On Jan. 22, the El Paso County Board of County Commissioners adopted a resolution defending the Second Amendment in response to proposals for stricter gun control laws at both the state and federal levels.
Commissioner Peggy Littleton read the resolution into the record: “El Paso County WILL uphold the Second Amendment of the Constitution of the United States, and WILL act in conformity with our sworn duties as duly elected officials charged with public trust, and WILL, in conjunction with prior decisions by the United States Supreme Court, NOT enforce any statutes, edicts, Presidential Directives, or other regulations and proclamations which conflict—and are expressly preempted by—the U.S. Supreme Court’s rulings.
Terry Maketa, El Paso County sheriff, posted his own similar response to possible gun control legislation on the EPC website.
He also spoke to The New Falcon Herald in a separate interview. “I will adamantly oppose and fight any efforts for gun control,” Maketa said. “Depending on who issues it and how it comes about, I will have a voice.”
Maketa said the United States Constitution gives people the right to bear arms. If Congress passed a law that goes directly against the Constitution, he would not support it. “It really has nothing to do with Congress,” he said. “It has to do with individual private property.
“If the state Legislature wants law enforcement to confiscate non-registered firearms, that directive would be unconstitutional. You can’t just go take away someone’s personal property. Not only do I support the Second Amendment, I took an oath to support all of your Bill of Rights and the Constitution.”
On Feb. 12, Colorado Democrats passed two controversial bills regarding gun control, according to a Feb. 13 article posted on “The Huffington Post” website, http://huffingtonpost.com. The House Judiciary Committee voted 7-4 to pass House Bill 1229, which requires universal background checks on all private gun sales in Colorado. The second bill, House Bill 1224, “bans the sale of high capacity gun magazines that hold more than 15 rounds or more than five shotgun shells.”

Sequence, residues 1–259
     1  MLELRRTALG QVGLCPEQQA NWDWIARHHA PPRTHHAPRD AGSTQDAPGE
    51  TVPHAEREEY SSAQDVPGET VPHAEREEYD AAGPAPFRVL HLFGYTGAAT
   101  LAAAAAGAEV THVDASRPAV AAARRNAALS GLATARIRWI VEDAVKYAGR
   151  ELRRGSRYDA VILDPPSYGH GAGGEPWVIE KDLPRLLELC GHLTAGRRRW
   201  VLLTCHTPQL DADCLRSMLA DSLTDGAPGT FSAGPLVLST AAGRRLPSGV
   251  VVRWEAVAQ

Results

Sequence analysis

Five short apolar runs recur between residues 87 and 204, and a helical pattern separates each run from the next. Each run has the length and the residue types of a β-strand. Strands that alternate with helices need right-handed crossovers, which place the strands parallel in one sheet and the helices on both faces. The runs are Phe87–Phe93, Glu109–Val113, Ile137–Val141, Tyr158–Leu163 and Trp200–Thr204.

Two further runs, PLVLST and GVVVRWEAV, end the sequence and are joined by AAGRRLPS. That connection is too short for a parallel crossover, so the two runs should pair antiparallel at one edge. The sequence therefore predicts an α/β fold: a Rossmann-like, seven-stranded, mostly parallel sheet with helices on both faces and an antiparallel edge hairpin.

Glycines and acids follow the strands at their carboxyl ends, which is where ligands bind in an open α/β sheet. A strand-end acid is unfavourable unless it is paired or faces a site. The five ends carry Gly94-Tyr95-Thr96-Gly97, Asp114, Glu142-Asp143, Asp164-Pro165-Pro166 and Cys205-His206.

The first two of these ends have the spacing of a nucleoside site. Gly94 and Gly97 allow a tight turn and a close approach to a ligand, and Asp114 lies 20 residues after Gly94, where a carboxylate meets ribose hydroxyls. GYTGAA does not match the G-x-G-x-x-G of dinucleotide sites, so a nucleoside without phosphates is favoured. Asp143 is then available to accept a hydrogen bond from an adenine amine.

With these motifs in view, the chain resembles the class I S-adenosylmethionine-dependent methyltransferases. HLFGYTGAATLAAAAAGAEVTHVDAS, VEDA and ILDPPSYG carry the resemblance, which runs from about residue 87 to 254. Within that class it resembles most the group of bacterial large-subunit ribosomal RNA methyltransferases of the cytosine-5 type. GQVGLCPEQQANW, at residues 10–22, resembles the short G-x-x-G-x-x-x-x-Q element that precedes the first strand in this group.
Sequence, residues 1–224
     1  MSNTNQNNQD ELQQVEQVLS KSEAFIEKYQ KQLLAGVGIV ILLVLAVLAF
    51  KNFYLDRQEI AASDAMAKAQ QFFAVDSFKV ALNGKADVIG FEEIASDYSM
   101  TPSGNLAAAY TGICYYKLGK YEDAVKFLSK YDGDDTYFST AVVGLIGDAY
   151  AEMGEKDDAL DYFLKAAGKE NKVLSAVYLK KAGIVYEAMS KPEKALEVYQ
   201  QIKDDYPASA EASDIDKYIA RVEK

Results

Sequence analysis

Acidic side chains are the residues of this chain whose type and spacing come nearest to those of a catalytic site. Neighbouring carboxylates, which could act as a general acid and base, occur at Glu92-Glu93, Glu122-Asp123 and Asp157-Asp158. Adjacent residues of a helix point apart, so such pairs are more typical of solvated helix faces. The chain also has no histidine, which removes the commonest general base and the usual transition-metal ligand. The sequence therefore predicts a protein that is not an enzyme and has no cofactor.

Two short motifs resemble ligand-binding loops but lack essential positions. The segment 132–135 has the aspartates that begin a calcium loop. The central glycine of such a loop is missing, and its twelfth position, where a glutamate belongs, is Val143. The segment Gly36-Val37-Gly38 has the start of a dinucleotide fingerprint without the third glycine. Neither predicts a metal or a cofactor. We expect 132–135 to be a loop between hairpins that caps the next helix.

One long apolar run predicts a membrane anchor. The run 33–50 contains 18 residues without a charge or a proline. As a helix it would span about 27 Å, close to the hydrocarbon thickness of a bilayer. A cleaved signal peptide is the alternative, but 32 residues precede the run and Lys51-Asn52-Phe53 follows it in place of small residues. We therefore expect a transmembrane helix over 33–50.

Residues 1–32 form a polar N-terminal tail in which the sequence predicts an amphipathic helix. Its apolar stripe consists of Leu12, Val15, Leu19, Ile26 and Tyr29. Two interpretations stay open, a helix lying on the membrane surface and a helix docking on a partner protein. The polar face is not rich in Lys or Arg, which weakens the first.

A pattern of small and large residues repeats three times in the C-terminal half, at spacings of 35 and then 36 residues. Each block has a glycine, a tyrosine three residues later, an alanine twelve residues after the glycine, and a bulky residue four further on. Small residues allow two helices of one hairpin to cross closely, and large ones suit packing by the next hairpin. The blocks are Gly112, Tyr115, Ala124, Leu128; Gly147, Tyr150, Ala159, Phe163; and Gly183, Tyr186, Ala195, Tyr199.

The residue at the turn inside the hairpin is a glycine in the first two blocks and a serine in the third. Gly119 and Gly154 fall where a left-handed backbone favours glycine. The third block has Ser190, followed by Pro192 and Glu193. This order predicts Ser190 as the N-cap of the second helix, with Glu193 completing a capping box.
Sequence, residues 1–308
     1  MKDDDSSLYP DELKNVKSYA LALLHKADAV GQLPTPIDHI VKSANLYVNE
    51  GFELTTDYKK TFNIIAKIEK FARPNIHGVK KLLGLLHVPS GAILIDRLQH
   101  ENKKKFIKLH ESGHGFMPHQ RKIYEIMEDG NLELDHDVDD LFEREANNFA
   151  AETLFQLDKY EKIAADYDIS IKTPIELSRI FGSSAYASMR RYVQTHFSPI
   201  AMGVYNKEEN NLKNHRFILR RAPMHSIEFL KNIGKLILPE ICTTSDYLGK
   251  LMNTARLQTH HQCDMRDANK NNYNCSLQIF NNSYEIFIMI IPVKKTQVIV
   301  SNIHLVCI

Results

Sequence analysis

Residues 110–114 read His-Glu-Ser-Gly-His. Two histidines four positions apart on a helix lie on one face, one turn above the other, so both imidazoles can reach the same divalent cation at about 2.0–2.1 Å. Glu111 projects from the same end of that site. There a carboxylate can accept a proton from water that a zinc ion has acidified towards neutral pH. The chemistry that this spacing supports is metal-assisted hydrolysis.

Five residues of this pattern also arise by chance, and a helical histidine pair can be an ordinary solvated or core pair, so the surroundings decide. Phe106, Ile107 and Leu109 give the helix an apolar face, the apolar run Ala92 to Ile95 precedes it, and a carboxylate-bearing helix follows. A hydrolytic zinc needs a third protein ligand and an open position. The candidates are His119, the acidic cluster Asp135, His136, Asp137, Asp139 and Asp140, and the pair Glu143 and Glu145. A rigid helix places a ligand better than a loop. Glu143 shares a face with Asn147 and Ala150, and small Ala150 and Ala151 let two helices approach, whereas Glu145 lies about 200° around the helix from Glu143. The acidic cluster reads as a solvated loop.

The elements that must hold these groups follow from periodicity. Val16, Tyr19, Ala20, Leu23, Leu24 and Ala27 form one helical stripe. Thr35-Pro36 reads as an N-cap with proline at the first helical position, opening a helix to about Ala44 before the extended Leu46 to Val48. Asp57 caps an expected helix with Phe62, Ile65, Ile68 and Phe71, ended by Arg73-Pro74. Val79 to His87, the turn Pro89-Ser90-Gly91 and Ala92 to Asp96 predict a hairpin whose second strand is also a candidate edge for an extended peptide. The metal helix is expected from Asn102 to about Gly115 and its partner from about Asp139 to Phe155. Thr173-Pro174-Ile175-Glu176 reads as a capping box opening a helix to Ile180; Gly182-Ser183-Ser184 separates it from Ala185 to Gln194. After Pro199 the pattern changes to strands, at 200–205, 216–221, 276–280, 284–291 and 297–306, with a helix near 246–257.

Both bills must pass a second vote of the House before any further progress is made.
The article quoted Arapahoe County Coroner Michael Doberson: “Hardly a week goes by when I don’t see what a bullet can do to a human body. These are basically military-style weapons that have been introduced into our civilian spaces, our streets, our shopping malls, our schools. These rounds have devastating effects on the human body, even when only one strikes. Can you imagine what happens when multiple bullets are fired from one of these high-capacity magazines? Well, I can.”
The article also referred to a poll done by “The Denver Post,” which claims 60 percent of Colorado voters support gun control proposals pertaining to the following: a ban on assault-style rifles, limiting high-capacity magazines and requiring universal background checks on all gun sales.
Maketa, however, doesn’t believe the state can efficiently handle background checks.
“The state has shown they cannot handle the volume and capacity (background checks), and the state Legislature has shown they cannot properly handle the budgeting,” he said. “They let it become a political issue. If the legislation shows some common sense and some commitment and not let it become a detriment; and I wouldn’t have to wait 10 days to get my private property, I would say OK; I think there’s some value that could keep them (guns) out of the hands of criminals.
“There’s a point of frustration that I sense. We’re not dealing with this with common sense and approaching it with a logical standpoint. Why aren’t we sharing information that might identify someone with homicidal (tendencies) and have a protocol in place that would place those people in proper treatment? We have seen responsible citizens carrying firearms, and the problem is criminals carrying firearms and the loopholes that the lack of mental health care creates.”
According to a quote in “The Huffington Post,” Colorado Gov. John Hickenlooper agrees on the issue of mental health concerns relating to gun control. “We have to do a better job of identifying and helping people who are a threat to themselves and others.”
A grassroots movement called One Million Moms for Gun Control was formed shortly after the Sandy Hook Elementary School shooting in Newtown, Conn., according to their website, http://momsdemandaction.org. In an article posted on their website Feb. 20, the organization renamed itself “Moms Demand Action for Gun Sense in America.”
The organization has taken a middle-ground stance on gun control, emphasizing logical solutions. “Like Mothers Against Drunk Driving, our mission is to motivate and mobilize moms to encourage their legislators to support common-sense legislation. Our new name and term ‘gun sense’ reinforces that there is a middle ground on solutions to the epidemic of gun violence in America.”
Hickenlooper was quoted as saying, “Surely, Second Amendment advocates and gun control supporters can find common ground in support of this proposition: Let’s examine our laws and make the changes needed to keep guns out of the hands of dangerous people.”
Editor’s note: Colorado legislators touting gun control measures did not return calls from the NFH, nor did other pro gun-control organizations in Colorado.